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"Purple Rain," "Platoon," "Amadeus" among latest additions to National Film Registry

The transcendent power of musical genius, as heard in the films "Purple Rain" and "Amadeus"; the graphic and transformational horrors of war in Oliver Stone's "Platoon"; and Martin Scorsese's "The Last Waltz," which helped redefine the modern documentary-concert film, are just a few of the milestone movies being inducted today into the Library of Congress' National Film Registry.

Twenty-five films are added each year to the Registry, which are chosen for their cultural, historic and aesthetic importance to America's film heritage, in order that they be preserved for future generations. The Registry spans all genres of Hollywood studio and independently-produced films, as well as documentaries, animation, experimental films, newsreels, and even home movies.

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"Purple Rain," "Platoon," and "Amadeus" are among this year's latest additions to the Library of Congress' National Film Registry. Warner Brothers/Orion Pictures

Titles added to the Registry this year include "Purple Rain," which marked the film debut of Prince in a semi-autobiographical musical that won an Oscar for Best Original Song Score; Milos Forman's "Amadeus," in which court composer Antonio Salieri (F. Murray Abraham) seeks to destroy the young Wolfgang Amadeus Mozart (Tom Hulce), whose talent he can nowhere near match; and "Platoon," the first Hollywood film about the Vietnam War directed by a Vietnam veteran, which became a cathartic experience for many former service members.

Also: "Coal Miner's Daughter," showcasing Sissy Spacek's Oscar-winning performance as country music star Loretta Lynn; the psychological thriller "Gaslight," in which Ingrid Bergman's husband tries to drive her slowly insane; the heart-wrenching tragedy of a transgender man's murder in "Boys Don't Cry," starring Hilary Swank; and "The Last Waltz," documenting the final performance of the rock group The Band (with a squadron of stellar guests artists) at the Winterland Ballroom in San Francisco.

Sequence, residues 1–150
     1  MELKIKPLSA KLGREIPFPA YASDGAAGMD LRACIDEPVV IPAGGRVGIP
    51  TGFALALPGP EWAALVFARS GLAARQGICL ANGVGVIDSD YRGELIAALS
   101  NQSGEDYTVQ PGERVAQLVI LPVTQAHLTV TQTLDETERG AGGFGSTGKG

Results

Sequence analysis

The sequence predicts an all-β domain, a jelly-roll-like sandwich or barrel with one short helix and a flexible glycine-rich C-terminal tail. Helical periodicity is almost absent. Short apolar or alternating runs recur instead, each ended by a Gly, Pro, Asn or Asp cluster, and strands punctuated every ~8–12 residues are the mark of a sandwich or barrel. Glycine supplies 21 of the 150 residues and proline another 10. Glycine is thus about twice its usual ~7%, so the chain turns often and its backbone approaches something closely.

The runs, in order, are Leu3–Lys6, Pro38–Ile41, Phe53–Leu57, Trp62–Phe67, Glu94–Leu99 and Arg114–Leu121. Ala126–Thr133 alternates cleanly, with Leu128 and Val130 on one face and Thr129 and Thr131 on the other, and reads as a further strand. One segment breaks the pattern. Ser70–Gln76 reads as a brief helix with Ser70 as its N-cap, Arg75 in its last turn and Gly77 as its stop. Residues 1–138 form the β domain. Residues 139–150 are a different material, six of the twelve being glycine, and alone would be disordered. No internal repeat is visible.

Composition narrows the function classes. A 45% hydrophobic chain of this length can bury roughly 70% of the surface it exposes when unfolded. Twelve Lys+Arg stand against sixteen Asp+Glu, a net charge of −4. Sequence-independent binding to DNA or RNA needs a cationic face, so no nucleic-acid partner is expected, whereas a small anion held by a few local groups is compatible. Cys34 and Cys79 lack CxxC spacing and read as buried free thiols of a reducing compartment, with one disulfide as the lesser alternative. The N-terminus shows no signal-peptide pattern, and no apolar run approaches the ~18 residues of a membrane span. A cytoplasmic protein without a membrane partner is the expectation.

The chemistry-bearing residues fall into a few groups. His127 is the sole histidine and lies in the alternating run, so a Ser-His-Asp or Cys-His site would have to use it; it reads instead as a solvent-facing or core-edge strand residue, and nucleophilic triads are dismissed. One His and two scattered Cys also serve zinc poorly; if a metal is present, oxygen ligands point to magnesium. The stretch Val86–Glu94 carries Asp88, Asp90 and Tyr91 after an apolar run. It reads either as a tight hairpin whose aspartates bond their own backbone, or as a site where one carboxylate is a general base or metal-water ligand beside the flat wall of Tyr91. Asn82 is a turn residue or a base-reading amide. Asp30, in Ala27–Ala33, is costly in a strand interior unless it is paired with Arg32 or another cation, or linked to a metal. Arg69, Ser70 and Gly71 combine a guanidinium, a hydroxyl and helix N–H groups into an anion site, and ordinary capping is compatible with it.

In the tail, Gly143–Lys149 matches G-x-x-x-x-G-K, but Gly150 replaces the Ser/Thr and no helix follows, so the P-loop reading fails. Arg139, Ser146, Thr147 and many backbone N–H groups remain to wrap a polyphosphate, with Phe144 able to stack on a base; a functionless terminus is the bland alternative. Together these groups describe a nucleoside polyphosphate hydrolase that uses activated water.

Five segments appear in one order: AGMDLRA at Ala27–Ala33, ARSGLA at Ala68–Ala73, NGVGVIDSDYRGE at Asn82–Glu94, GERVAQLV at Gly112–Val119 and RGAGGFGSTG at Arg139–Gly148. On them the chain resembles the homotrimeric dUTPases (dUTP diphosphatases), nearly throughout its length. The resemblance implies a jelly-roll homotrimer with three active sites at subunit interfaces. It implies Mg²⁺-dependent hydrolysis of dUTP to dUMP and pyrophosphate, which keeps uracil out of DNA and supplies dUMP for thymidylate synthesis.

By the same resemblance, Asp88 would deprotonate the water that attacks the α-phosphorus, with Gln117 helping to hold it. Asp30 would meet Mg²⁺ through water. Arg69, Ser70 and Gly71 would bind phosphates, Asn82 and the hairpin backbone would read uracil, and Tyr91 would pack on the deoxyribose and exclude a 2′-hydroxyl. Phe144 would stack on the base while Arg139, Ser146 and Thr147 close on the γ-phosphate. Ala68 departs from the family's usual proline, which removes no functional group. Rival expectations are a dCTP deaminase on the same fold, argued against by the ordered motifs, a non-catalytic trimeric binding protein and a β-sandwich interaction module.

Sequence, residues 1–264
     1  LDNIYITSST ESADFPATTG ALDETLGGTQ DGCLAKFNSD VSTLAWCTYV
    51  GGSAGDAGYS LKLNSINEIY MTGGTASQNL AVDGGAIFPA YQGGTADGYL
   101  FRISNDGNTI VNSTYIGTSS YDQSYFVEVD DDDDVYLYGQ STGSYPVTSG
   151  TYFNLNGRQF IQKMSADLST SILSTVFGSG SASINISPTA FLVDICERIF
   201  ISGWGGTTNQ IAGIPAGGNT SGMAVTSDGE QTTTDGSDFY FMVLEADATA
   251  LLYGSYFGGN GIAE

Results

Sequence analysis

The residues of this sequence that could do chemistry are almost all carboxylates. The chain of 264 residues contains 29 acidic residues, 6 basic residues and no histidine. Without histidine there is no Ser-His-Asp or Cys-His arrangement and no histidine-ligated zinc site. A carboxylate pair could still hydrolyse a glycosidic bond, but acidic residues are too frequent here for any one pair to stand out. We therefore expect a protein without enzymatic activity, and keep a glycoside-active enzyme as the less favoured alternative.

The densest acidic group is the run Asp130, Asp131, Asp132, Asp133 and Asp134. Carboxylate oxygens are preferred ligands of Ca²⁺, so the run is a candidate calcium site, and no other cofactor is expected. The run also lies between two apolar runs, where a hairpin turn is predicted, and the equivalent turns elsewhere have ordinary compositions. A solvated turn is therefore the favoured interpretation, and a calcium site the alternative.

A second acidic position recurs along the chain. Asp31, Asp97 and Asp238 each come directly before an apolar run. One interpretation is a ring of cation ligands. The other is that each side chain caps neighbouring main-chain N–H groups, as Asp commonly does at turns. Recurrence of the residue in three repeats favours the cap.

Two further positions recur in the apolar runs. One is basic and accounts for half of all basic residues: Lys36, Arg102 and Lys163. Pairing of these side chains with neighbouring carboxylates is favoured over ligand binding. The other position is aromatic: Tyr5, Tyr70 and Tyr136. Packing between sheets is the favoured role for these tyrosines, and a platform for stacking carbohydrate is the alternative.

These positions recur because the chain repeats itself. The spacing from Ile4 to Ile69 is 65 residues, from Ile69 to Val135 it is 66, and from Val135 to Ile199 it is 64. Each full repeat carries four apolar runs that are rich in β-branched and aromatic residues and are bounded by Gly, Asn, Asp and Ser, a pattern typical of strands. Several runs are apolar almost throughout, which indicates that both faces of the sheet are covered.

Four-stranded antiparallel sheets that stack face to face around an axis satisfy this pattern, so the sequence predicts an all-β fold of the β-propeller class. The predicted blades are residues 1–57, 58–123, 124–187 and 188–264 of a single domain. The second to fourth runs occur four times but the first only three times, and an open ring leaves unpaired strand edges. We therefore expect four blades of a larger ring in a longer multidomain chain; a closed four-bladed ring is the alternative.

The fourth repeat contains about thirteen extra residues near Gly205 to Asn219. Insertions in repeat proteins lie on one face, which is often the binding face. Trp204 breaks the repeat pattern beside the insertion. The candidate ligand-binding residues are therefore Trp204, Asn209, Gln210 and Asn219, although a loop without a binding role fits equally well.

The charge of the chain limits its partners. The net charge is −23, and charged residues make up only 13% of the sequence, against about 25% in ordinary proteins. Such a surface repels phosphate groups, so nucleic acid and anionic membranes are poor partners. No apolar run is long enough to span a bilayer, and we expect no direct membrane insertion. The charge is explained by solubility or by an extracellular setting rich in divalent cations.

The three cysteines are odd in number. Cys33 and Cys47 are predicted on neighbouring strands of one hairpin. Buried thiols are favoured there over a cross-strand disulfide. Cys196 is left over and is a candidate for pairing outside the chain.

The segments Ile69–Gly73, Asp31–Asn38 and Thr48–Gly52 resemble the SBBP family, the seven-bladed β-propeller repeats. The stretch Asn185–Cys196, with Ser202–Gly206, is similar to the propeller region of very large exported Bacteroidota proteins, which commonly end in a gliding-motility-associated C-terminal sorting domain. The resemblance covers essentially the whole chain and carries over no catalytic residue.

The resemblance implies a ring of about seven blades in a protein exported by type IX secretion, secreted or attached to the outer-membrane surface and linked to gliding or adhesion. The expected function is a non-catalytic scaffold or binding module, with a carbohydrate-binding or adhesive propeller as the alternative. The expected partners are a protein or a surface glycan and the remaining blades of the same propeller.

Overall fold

Also inducted are two Disney classics, "Old Yeller" and the animated "Sleeping Beauty"; and the documentaries "The Fog of War" (Errol Morris' interrogation of former Secretary of Defense Robert S. McNamara), and "Beyond Stonewall" (which examines the lives of closeted homosexuals before the 1969 Stonewall Riots).

Notable cinema debuts are recognized, from the first films starring Paul Robeson ("Body and Soul") and America Ferrera ("Real Women Have Curves"), to the first features directed by Elaine May ("A New Leaf"), Spike Lee ("She's Gotta Have It"), and Kevin Smith ("Clerks"). Smith's slacker comedy received the most votes from the public nominating this year's additions.

Other landmarks of film history include "Becky Sharp" (1935), the first three-strip Technicolor feature, and a 1903 newsreel of emigrants landing on Ellis Island.

For details about each of the 25 films named this year check out the gallery below.

The 2019 additions bring the total number of films in the Registry to 775.

The additions were announced by Librarian of Congress Carla Hayden. "Unlike many other honors, the registry is not restricted to a time, place or genre. It encompasses 130 years of the full American cinematic experience – a virtual Olympiad of motion pictures," she said. 

While spotlighting cinematic achievements of the past, the Registry also protects our nation's film heritage by requiring preservation copies of each title be stored at the Library. Because of the fragility of motion picture film, about 70 percent of films from the early years of cinema are lost – damaged, deteriorated, destroyed by fire, or neglected by the studios that created them.

"With the support of Congress, the studios and other archives, we are ensuring that the nation's cinematic history will be around for generations to come," said Hayden.

Selected titles from the National Film Registry are freely available online at the National Screening Room on the Library's website.

Want to nominate a movie to the National Film Registry? Visit the Library of Congress' nomination page here.       

Films Selected for the 2019 National Film Registry (in alphabetical order):

  1. "Amadeus"" (1984)
  2. "Becky Sharp" (1935)
  3. "Before Stonewall" (1984)
  4. "Body and Soul" (1925)
  5. "Boys Don't Cry" (1999)
  6. "Clerks" (1994)
  7. "Coal Miner's Daughter" (1980)
  8. "Emigrants Landing at Ellis Island" (1903)
  9. "Employees Entrance" (1933)
  10. "Fog of War" (2003)
  11. "Gaslight" (1944)
  12. "George Washington Carver at Tuskegee Institute" (1937)
  13. "Girlfriends" (1978)
  14. "I Am Somebody" (1970)
  15. "Last Waltz, The" (1978)
  16. "My Name Is Oona" (1969)
  17. "A New Leaf" (1971)
  18. "Old Yeller" (1957)
  19. "The Phenix City Story" (1955)
  20. "Platoon" (1986)
  21. "Purple Rain" (1984)
  22. "Real Women Have Curves" (2002)
  23. "She's Gotta Have It" (1986)
  24. "Sleeping Beauty" (1959)
  25. "Zoot Suit" (1981)
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